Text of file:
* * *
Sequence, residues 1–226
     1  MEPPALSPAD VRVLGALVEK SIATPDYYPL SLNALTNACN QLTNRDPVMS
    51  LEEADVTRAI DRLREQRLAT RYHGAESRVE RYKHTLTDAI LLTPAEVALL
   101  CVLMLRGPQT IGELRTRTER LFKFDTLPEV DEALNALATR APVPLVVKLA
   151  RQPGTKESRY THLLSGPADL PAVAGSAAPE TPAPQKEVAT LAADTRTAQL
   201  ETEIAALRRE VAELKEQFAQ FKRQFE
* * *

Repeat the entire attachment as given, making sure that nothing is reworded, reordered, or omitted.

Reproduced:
Sequence, residues 1–226
     1  MEPPALSPAD VRVLGALVEK SIATPDYYPL SLNALTNACN QLTNRDPVMS
    51  LEEADVTRAI DRLREQRLAT RYHGAESRVE RYKHTLTDAI LLTPAEVALL
   101  CVLMLRGPQT IGELRTRTER LFKFDTLPEV DEALNALATR APVPLVVKLA
   151  RQPGTKESRY THLLSGPADL PAVAGSAAPE TPAPQKEVAT LAADTRTAQL
   201  ETEIAALRRE VAELKEQFAQ FKRQFE